Summer Long 2022

May 16, 2022—August 01, 2022

Bank Street Graduate School of Education credit hour calculations for degree and certificate programs follow NYSED guidelines, which are based on the U.S. Department of Education’s definition of credit hour. Please view the Credit Hour Assignment Policy for more information.

Religious Observance:The College respects individuals’ religious observances. If you are unable to make any class session, including a Friday session, because of religious observance, please notify the course instructor by the first class session so that an alternative means can be identified for fulfilling missed class material and course assignments.

Early Childhood Special and General Education Online Program

Courses within this program are for online students only.

Section Title Credits Rooms Instructor Days/Times Dates Status
EDUC500R-1 Child Development 3 online Troy Pinkney M 7:00-9:00 PM
In this course we will examine the interactions among the cognitive, social, emotional, linguistic, and physical development of children from infancy into adolescence. We will pay close attention to children as makers of meaning in the contexts of their development, including family, school, socioeconomic class, and culture. Through reading classic and current literature, we will attend to some of the larger questions about development, such as the relationship between nature and nurture, the role of developmental theory, and the tension between the search for developmental universals and the reality of individual differences. The goal is to make developmental theory vibrant and meaningful so that the generalized theoretical child comes to enhance and inform how one understands individual children.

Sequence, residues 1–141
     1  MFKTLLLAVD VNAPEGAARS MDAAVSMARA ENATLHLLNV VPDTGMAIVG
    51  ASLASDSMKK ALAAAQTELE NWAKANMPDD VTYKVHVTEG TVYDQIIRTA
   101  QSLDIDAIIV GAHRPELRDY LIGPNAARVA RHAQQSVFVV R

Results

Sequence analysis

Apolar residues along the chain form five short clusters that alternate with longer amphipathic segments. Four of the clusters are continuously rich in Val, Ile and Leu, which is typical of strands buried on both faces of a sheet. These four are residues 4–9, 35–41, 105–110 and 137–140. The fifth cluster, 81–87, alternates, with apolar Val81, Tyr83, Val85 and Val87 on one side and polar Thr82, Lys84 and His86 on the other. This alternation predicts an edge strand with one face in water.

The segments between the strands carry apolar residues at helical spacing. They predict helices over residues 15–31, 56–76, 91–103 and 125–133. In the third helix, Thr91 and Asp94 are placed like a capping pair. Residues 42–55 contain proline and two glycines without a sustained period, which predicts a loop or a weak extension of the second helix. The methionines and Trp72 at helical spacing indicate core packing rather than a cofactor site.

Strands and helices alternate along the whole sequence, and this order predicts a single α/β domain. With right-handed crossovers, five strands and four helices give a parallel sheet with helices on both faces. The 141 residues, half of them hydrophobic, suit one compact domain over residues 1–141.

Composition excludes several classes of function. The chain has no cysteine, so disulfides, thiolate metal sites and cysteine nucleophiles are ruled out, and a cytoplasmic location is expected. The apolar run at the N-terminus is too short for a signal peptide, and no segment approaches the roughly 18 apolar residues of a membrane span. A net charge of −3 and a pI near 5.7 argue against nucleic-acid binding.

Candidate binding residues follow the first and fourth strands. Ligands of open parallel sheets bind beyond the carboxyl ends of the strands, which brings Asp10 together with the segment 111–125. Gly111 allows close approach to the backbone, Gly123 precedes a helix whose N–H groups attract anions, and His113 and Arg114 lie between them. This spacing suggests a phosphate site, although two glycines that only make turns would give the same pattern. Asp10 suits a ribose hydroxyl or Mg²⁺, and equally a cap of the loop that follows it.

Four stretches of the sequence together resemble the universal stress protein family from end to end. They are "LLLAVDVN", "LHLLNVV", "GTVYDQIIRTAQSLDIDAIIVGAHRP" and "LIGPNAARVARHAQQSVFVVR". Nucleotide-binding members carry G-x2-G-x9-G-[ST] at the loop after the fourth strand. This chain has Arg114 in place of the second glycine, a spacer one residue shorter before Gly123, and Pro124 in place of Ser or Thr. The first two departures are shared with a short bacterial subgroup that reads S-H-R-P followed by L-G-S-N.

Note: Specific dates detailing synchronous and asynchronous sessions will be shared by the instructor.
EDUC514R-1 Curriculum in Early Childhood Education for Inclusive and Special Education Settings 3 online Antonia Bendezu M 7:00-9:00 PM
This course provides a framework for developing curriculum that engages all children in authentic meaning making about themselves and their wider world.  Participants use principles of child development and developmental variation as a foundation for planning experiences that support deep learning.  The course focuses on curriculum as the core vehicle for affirming children’s developing identities, including cultural and linguistic identity. Using social studies as the core of an integrated curriculum, participants plan using diverse materials, modalities, content, and perspectives to help children examine big questions. Participants use universal design principles to create learning experiences that are inclusive of a broadly diverse range of learners.
Note: Specific dates detailing synchronous and asynchronous sessions will be shared by the instructor.
EDUC525R-1 Assistive Technology as a Tool for Providing Educational Access 1 online Stefanie Blanco TH 7:00-9:00 PM 6/23, 6/30, 7/7, 7/14, 7/21, 7/28
This course examines how technology can create opportunities for access and expression for learners, including children with variations in learning, sensory, communication, and physical development. Through readings, discussion, and experimenting with a variety of actual technologies, participants will strengthen their capacities to match such tools to learner needs in diverse learning environments and activities. Participants will reflect on classroom experiences to ascertain how accessibility for learners can be enhanced. They will consider broader issues of access and equity, as they deepen their understandings of how technology can assist in creating more inclusive learning environments.